Social Media: Your best allocation of time and resources

Social Media is perceived as becoming increasingly important to business.  Facebook is being touted as the most significant player in the game and YouTube has gained a reputation as the 2nd largest search engine.

But what really works? Where are companies who use the various social media tools finding the most success?  Identifying this makes the decision regarding allocation of time and resources a lot easier.

In the ‘old’ days of print advertising and traditional marketing, there was a saying that agencies both loved to use and hated to have flung in their faces: “Only 50% of advertising / marketing works.  The trouble is identifying which 50%”.

For the past decade or more, this has spelled the demise of more than one agency and given rise to superstar direct marketers of the likes of Jay Abraham and Dan Kennedy who followed in the footsteps of the ‘fathers’ of direct marketing such as PT Barnum, Robert Collier and Claude Hopkins… and of course the well known icons such as David Oglivy.

Those direct marketing principles stil work.  But today, we have a whole new set of delivery mediums which didn’t exist 10 to 15 years ago.

It’s very easy to jump onto the Social Media bandwagon and find that although you’re a direct marketer, you’re not seeing the results this new media promised.  Why is this?  Probably because too much time and attention is focused in the wrong places.

One of the biggest issues with doing Social Media correctly is that it takes so long to get all your bases covered that it makes it overwhelming for most small to medium sized companies.  The focus also tends to end up on the most glamorous mediums such as Facebook, Twitter, YouTube, LinkedIn and so on.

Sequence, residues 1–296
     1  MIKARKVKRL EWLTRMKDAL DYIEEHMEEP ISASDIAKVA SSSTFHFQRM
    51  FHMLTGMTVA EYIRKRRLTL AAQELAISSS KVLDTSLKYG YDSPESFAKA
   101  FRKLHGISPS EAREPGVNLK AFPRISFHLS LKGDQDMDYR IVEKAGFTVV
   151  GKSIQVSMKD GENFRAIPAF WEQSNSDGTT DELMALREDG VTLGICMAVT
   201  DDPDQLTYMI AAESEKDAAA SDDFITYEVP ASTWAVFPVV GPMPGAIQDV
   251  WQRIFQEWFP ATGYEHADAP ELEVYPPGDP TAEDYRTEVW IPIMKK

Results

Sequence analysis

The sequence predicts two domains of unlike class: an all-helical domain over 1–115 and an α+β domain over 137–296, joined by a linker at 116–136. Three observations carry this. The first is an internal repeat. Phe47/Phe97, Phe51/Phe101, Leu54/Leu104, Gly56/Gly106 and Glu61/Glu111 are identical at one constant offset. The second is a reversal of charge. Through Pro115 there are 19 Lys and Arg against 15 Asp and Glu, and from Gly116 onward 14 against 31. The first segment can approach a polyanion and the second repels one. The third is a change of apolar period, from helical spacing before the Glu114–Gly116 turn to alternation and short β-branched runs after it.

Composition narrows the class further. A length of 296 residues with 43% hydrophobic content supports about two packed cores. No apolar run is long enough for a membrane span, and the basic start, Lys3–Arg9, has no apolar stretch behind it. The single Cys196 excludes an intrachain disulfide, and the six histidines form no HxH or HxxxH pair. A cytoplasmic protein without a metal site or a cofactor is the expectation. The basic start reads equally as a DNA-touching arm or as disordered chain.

While these are, of course, important, it’s interesting to note that currently, a survey of Inc 500 companies showed that these were not the areas where they were finding the most success with their social media activities.

According to a recent study by the University of Massachusetts (Dartmouth Center for Marketing Research) , cited in an article by eMarketer, these organizations had the most success with (in order):

  • message / bulletin boards (forums etc)
  • podcasting
  • blogging
  • online video
  • Twitter
  • and then… Facebook

At the end of the day, what it boils down to is a few common sense objectives:

  • Cover all the social media venues as quickly and consistently as possible. To do this effectively definitely requires a system which utilizes across the board scheduling and information syndication – there is absolutely no way to do this manually unless you devote an entire department exclusively to this on a full time basis.
  • Don’t fall in love with your favorite medium: continually evaluate your results both short and long term from each
  • Don’t get so caught up in the concept of social media that you forget to base all your activities on solid marketing plans – having a symphony orchestra with each member playing their own tune is simply noise no matter what their artistic potential.

Other than that… Social Media is simple.  It’s immediate.  It’s powerful. It’s a concept whose time has definitely arrived.

For a free white paper about how businesses are leveraging the new online marketing platforms, go to – fill in your email details where indicated and an email with an instant download link will be sent to you.